President of Russia Dmitry Medvedev: Colleagues,
A month has gone by since the Vancouver Olympics came to a close. This is enough time for us to have analysed our national team’s performance, drawn our conclusions, and responded with practical measures that will ensure our team’s success at the 2014 Olympics in Sochi.
As far as the conclusions go, eleventh place in the overall team ranking is obviously a bad result which has its roots in causes that reach back quite a way now. Indeed, our teams have shown worsening results in terms of the numbers of medals won over the years from 2006 to 2010. Even in winter sports in which our athletes have traditionally been victorious we all see that over these last years we have been steadily lagging behind our main competitors.
Yet at the same time, we have been investing just as much in training our athletes as have other countries. Indeed, to be absolutely frank, in a number of cases we have even invested more than other countries. The problem today is not so much in a lack of [financial] resources as in their ineffective use, and that is the first point I want to make. I will not name the figures as you all know them well, but however we look at it, we have invested tenfold more than in earlier years.
The second point is that this situation has shown up the shortcomings in our entire athletes training system. As it has been said before, this system must be centred above all on the athletes themselves. In all of the world’s sports powers training programmes and methods take into account each future Olympic competitor’s specific individual particularities, so as to ensure they take their places at the starting line in top shape.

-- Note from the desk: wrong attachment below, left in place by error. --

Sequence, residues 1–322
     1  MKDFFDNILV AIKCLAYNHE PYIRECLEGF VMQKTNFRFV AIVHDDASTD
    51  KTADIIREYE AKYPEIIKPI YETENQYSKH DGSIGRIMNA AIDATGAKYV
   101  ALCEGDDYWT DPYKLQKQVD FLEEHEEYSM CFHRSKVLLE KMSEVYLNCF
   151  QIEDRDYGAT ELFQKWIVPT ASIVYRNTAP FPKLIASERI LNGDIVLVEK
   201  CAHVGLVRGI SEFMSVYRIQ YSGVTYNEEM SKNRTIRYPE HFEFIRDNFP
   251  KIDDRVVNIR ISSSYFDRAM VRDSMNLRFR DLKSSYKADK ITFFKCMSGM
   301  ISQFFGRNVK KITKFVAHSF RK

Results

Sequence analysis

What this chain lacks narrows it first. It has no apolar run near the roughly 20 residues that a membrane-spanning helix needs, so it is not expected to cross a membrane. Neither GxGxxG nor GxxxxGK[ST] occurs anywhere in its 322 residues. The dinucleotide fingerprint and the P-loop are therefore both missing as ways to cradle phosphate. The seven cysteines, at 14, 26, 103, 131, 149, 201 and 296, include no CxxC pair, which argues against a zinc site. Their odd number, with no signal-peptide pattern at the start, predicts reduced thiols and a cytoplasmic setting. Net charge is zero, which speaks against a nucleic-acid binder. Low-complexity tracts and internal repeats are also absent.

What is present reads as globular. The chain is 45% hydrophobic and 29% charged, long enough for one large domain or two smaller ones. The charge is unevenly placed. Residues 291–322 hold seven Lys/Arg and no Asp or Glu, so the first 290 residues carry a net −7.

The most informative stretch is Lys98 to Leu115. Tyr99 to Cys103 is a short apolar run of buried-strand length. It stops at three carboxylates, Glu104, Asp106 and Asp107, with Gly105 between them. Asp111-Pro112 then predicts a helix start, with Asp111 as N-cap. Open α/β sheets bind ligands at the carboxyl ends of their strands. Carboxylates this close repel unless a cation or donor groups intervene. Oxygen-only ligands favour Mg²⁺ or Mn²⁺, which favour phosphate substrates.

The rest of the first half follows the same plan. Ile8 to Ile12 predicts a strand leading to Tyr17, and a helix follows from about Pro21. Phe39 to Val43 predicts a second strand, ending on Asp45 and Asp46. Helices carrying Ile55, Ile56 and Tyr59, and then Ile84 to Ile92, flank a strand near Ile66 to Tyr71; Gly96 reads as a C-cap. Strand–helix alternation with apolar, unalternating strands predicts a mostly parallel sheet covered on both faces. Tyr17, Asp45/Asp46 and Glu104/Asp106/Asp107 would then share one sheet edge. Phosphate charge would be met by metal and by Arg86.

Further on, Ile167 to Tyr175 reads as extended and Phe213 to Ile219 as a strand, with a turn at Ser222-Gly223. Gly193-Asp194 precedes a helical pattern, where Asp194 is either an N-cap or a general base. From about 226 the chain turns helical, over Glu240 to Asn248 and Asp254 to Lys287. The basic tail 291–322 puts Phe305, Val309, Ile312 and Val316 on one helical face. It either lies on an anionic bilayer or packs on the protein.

The level of medical, biological and scientific support for the teams plays a crucial part in this respect but we only began using this comprehensive approach in our team’s training last year, and we may as well not hide the fact that it is not yet implemented in full. The task therefore is to dramatically change this situation drawing on the most advanced international experience in this area.
I think we need to set annual performance targets for the different sports, and motivate our athletes and sports specialists to achieve the highest results. We could also look at increasing the size of presidential grants for members of our Olympic and Paralympic teams.
Third, the current system used to build up the pool of athletes we can draw on also has a negative impact. We know that the winter Olympics cover 14 different sports, but more than 90 percent of our country’s athletes are training in just five of these sports. This means that we will soon have trouble finding people to compete for our national team in the other nine sports.
This imbalance in the training system is partly linked to the lack of top quality training facilities in our country, as we all know, and to disproportioned availability of technology and equipment to different sports here. We still do not have training facilities measuring up to world standards for a substantial number of winter Olympic sports. Our athletes train mostly abroad, and in limited numbers. Everyone here knows what difficulties this creates, and what the main problems are that we face here.